Hurricane Facts

A hurricane is a dangerous tropical storm with strong winds and lots of rain or high waves that are pushed ashore by the storm’s winds.

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Hurricanes only happen in tropical areas where there is an ocean or sea.

How hurricanes form

Hurricanes form when warm water from the ocean (at least 80 degrees F) generates energy to make warm, moist air rise higher in the atmosphere. The warmth and moisture in the air is called humidity. When this air gets mixed with the winds blowing across the ocean, it pushes it up on top of the clouds to make larger and more dangerous storm clouds. Slower or lighter winds around the storm push or steer the hurricane. These winds make the hurricane swirl in a clockwise direction if the storm is in the Southern Hemisphere and in a counter-clockwise direction if the storm is in the Northern Hemisphere.

Hurricanes are large storms—you might even say they are giant-sized. How big are they? They eye or center of the hurricane is usually about 30 miles in diameter. Some are as small as 2 miles in diameter, but others are as big as 100 miles in diameter.

Speaking of the eye of the hurricane…the eye of the hurricane, which is the very center or core of the hurricane is calm. No rain, no wind—just warm, moist air.

What happens when a hurricane is formed

Sometimes hurricanes form and fall apart without anyone but weather experts knowing about it. This is because some hurricanes happen in the middle of the ocean or in places far away from any land, so they are not dangerous to anyone.

Other hurricanes, however, can be very dangerous; destroying land, buildings, and killing lots of people. The winds from the hurricane are dangerous, but they are not the only dangerous thing about a hurricane.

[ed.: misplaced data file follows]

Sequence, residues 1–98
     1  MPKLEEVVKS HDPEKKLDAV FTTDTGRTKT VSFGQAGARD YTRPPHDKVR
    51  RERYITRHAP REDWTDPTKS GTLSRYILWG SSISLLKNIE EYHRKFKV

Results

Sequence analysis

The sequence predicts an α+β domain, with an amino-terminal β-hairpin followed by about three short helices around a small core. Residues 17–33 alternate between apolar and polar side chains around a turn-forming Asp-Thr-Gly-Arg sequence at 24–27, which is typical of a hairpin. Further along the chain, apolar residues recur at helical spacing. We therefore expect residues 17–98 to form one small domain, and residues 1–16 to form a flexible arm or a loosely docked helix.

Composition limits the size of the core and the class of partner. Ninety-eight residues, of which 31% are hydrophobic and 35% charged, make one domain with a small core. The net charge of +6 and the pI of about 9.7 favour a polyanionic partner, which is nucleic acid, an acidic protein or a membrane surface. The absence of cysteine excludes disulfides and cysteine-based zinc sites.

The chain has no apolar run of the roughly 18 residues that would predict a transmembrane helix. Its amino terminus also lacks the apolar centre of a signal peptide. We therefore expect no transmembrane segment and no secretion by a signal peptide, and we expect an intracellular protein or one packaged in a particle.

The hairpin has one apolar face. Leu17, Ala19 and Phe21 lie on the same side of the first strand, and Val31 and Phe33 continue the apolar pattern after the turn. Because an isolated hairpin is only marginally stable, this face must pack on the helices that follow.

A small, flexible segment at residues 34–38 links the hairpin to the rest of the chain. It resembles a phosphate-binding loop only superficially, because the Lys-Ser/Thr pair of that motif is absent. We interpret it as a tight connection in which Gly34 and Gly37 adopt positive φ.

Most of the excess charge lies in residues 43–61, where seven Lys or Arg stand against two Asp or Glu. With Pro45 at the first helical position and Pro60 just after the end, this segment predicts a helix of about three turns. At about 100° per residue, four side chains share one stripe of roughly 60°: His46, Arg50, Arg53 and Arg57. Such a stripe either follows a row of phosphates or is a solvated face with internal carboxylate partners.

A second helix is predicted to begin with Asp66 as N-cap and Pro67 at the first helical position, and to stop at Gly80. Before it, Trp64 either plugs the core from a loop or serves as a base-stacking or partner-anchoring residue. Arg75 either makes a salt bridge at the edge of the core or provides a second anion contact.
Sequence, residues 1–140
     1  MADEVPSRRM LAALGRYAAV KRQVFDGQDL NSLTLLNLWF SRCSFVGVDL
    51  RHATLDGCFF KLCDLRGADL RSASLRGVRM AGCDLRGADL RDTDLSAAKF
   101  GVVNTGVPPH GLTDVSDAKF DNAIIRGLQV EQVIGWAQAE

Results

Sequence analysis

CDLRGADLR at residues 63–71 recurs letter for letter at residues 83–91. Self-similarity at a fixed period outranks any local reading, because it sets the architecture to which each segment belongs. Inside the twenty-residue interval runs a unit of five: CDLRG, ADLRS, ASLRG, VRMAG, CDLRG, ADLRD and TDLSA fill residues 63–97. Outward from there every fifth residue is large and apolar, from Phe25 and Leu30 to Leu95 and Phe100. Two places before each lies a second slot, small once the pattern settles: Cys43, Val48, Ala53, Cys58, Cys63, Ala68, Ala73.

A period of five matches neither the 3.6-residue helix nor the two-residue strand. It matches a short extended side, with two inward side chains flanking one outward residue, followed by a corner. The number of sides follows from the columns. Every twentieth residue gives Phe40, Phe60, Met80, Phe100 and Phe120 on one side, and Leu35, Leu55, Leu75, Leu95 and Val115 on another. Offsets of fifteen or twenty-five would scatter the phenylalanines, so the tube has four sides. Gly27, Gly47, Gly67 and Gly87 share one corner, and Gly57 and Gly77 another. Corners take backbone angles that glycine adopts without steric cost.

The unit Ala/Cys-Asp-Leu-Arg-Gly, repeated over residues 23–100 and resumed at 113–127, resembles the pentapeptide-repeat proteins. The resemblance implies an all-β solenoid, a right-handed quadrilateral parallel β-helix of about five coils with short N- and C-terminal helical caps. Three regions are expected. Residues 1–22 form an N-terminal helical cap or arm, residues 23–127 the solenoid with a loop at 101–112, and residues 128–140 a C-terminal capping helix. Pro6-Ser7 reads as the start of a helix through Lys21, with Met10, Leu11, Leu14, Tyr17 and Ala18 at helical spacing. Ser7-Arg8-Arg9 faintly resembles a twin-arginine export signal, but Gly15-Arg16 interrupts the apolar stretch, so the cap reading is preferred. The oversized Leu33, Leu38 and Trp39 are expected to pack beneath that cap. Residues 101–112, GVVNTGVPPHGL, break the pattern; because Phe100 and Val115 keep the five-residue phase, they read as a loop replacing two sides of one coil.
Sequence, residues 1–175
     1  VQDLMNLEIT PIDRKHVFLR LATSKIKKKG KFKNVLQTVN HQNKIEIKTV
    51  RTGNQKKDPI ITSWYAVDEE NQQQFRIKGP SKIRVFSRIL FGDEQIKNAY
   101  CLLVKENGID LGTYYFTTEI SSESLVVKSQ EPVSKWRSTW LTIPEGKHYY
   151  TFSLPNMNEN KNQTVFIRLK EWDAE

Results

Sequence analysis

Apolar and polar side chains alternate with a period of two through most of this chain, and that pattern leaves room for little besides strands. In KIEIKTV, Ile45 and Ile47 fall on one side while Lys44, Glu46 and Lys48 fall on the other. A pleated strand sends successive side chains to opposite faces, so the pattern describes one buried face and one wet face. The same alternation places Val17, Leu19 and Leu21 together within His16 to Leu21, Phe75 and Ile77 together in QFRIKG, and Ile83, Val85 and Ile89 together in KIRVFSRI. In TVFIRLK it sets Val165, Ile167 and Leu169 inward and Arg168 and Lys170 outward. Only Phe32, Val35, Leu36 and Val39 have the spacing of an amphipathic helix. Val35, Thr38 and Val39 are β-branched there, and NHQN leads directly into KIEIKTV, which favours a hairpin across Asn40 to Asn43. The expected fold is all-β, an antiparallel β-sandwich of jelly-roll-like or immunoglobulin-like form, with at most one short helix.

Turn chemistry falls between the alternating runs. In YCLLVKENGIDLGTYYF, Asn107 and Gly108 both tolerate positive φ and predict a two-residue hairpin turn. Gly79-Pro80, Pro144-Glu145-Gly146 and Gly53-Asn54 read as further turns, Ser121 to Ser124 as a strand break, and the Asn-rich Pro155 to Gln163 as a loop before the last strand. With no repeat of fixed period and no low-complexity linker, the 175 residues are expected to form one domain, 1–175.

A lot of the damage from a hurricane happens because of the storm surge. The storm surge is the walls of water the winds of the hurricane blows onto shore.

The powerful force of the water knocks down everything in its path and the amount of water causes flooding.

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How big, how fast and how far

Hurricanes can be massive—some are as big as 600 miles wide. The winds of a hurricane blow at speeds that range from 75 miles per hour to 200 miles per hour. How fast the winds of a hurricane blow tell weather experts how dangerous it is. Most hurricanes travel at speeds of 10 to 20 miles an hour and hold together for several weeks before falling apart.

The closer a hurricane gets to the shore, the weaker it gets. In fact, some hurricanes get so weak and so much smaller by the time they get to land that they aren’t even hurricanes anymore. They are what weather experts call tropical storms or tropical depressions.

 

Other names for hurricanes

Hurricanes are also known as typhoons and cyclones. There really is no difference between a hurricane, typhoon, or a cyclone. They are simply called by different names depending on where you live.

The worst hurricanes in history

Hurricanes have killed many people throughout history, but two of the most serious and dangerous hurricanes are the hurricane in Bangladesh that killed 300,000 people in 1970 and Hurricane Katrina in New Orleans, Louisiana in 2005. Hurricane Katrina killed almost 2,000 people and wiped out 80% of this large and major city in the United States.

Why hurricanes have names

No one really knows why hurricanes have names, but the National Weather Bureau in the United States started naming hurricanes in 1952. In 1953, they started giving them women’s names. In the 1970’s they started using both men’s and women’s names.

NOTE: If a hurricane does major damage, the name is retired and is never used again.